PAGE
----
I Have A Kindle Now. But I Won’t Read A Book On It. Discuss.

I had a birthday a few weeks ago and to mark the occasion, my wife bought me a Kindle.   OK, yes, I’m a pretty digital guy, and despite writing my 1992 Berkeley Master’s thesis on “The Future of Print in the Age of Interactivity” – a thesis that celebrated…

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I had a birthday a few weeks ago and to mark the occasion, my wife bought me a Kindle.  

OK, yes, I’m a pretty digital guy, and despite writing my 1992 Berkeley Master’s thesis on “The Future of Print in the Age of Interactivity” – a thesis that celebrated the rise of a digital tablet fed by a world wide network – I didn’t run out and buy a Kindle as soon as they came on the market. In fact, I was rather suspicious of the device, with its cultish clan of devotees and its somewhat insidious approach to purchases (Whispernet is free – just use it to buy stuff!). I actively demurred my wife’s consistent implorations to buy one – much to her frustration as a card-carrying member of the aforementioned cult.

I couldn’t explain why, but something about the Kindle just struck me as wrong. (Well, the lack of an open development system is one big Why, but it wasn’t the elusive Why. I’m getting to that….).

So when my wife handed me an Amazon box to open on my birthday…well it was awkward. I’ve already purchased two Kindles – both for her (she had to have the second version) – so I knew what was inside the box. But I have severe reservations about the thing, so pretending to be thrilled was difficult. We’ve been married over 16 years after all.

Then again, my wife was clearly thrilled with her Kindle, and her enthusiasm carried with it the whiff of a movement . Now thanks to her, I owned a ticket to Seeing What The Fuss Is All About.

So we fired the thing up, set up my account, and I began to poke around the Kindle store.

And that’s when it hit me, in a very visceral and almost reactionary sense: I never, ever, EVER, want to read a book on this device, at least as the device is currently set up. Perhaps that’s a bit too sweeping: Put another way, I don’t ever want to read a book that I would ever want to share or keep – one that I’d want to put on my shelf in my library at home.

It was as if I was paralyzed: I literally couldn’t even imagine purchasing a digital version of a book, downloading it onto this device, and then reading it there. Newspapers and magazines? Sure – I immediately got the New Yorker, the NYT, and the WSJ, and plan on happily consuming these periodicals and more as time goes by. I might even take a few blogs – but then again, it seems rather silly to pay for something that comes free over the web (wait….oh never mind.)

But books? No way.


I imagine you have probably figured it out – I was stuck in a physio-digital dilemma – my attachment to the physicality of books was affronted by the idea of digital long-form narrative.

Now, I’ll be honest here and say this was a rather uncomfortable place to be, given my career as a producer of texts about the future of digital. What’s wrong with me? Am I turning into my (grand)mother? Am I hopelessly out of date? Will I soon be muttering under my breath about how my kids are texting too much and failing to have “real” relationships with their friends?

Yikes. (David Byrne doesn’t have this issue, so what is WRONG with me?!)

So I got to thinking about what was wrong with the Kindle, from my point of view. Now, I’ll grant that my point of view isn’t consistent with most (or even many) folks out there, but I think it bears airing out in any case. And as I pondered why, really, I don’t like the idea of reading a novel on the Kindle, it became quite apparent it had to do with the book’s physical nature, certainly, but more importantly it’s social nature – the infrastructure of our culture that supports a book’s social identity through its physical transport. (Countless books have been written about this mystery of the book as artifact, of course…)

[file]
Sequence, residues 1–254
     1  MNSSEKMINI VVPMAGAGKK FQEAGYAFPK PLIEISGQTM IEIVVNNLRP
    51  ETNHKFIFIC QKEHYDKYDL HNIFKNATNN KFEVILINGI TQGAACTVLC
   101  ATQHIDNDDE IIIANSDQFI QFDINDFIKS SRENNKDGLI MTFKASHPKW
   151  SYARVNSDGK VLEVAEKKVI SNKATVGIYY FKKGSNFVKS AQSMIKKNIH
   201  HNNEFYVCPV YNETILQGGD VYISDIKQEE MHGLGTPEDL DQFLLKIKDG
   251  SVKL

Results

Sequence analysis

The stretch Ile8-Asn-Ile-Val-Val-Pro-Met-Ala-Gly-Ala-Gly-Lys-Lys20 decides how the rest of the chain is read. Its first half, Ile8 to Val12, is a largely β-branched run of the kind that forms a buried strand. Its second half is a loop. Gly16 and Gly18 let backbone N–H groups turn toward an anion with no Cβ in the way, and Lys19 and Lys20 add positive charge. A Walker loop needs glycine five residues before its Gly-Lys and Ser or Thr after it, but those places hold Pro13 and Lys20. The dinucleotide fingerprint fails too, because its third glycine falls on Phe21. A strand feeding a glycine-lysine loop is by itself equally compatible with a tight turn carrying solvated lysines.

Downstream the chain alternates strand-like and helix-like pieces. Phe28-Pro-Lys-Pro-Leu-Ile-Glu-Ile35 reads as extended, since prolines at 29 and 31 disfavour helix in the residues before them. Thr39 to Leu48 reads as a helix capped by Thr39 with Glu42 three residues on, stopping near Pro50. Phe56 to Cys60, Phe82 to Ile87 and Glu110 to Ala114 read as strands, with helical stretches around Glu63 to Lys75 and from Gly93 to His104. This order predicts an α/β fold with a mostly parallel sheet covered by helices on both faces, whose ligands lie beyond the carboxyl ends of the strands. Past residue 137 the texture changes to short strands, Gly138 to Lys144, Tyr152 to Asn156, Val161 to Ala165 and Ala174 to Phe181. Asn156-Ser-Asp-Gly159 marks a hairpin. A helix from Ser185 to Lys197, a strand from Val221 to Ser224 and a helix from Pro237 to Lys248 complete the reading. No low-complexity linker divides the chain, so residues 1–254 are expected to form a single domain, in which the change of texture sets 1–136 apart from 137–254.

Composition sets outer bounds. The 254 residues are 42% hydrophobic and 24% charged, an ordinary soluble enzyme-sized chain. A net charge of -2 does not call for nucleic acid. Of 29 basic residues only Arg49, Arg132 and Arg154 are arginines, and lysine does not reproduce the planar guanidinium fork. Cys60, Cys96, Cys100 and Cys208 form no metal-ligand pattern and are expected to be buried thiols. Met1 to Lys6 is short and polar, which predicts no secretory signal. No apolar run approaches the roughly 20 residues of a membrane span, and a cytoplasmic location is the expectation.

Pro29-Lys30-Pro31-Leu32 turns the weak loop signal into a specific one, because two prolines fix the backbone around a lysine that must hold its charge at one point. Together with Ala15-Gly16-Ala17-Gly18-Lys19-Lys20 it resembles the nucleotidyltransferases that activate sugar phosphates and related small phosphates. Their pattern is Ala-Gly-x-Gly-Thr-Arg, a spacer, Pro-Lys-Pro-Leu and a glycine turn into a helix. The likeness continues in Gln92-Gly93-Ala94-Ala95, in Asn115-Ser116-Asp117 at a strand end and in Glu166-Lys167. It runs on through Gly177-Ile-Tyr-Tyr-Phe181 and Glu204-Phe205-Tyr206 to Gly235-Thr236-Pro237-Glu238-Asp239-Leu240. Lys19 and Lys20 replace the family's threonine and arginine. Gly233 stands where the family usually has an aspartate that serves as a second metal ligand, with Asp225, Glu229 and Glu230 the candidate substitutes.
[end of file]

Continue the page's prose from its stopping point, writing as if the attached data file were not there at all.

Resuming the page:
It was clear to me that the Kindle breaks just about every one of the unwritten mores of how we, over hundreds of years, have honored books socially. (If this has been said before, endlessly and better by others, please forgive me, and leave a link in the comments…) And as a writer and lover of books, this makes the Kindle nothing more than a glorified Netbook – without the Net.

A few examples:

– You can’t share a Kindle book with anyone else. That’s just nuts. The sharing of a book is perhaps one of the most intimate and important intellectual acts between humans, ever. I’m not stuck on whether or not that sharing is physical. I’m stuck on the inability to share. It’s a crime.

– You can’t declare to anyone (including, importantly, reminding yourself) that you’ve read this book – an obstacle I’ll call “the library problem.” I love being surrounded by books I’ve read, and I love the fact that people who come to my office or my home library can see the books I’ve read. Yeah, part of it has to do with status. And does digital mean that status is going away? I don’t think so.

– You lose the serendipity of reading in public (and judging, as well as being judged for what is read in public). This issue has famously been pointed out before, and I do find it rather compelling. A Kindle suffers from a kind of social blindness – no one knows what you’re reading, unless they ask. Something important is lost when no one knows what you’re reading on the subway, the airplane, or the park bench. The opening salvos of countless relationships will no doubt be lost (though I suppose any number of romances have been kindled by the exuberant declaration of one’s love for the Kindle…).

Now, before you consign me to the Luddite woodpile, let me state that I don’t think any of these obstacles will stand, over time. We’ll figure out how to share books as digital objects, how to quicken The Book into the mercury of digital social relationships.

But I’m deeply disappointed with the Kindle’s current lack of understanding of this critical aspect of a book’s meaning in our culture.

And I’m pretty sure that ten years from now – perhaps sooner, if Google has its way – we’ll look back at the first Kindles as important but ultimately flawed “fish with feet” in our ongoing evolution as a culture that honors what a book truly is. Meanwhile, I’m enjoying my free three week trials of periodicals. We’ll see if they convert into paid subscriptions….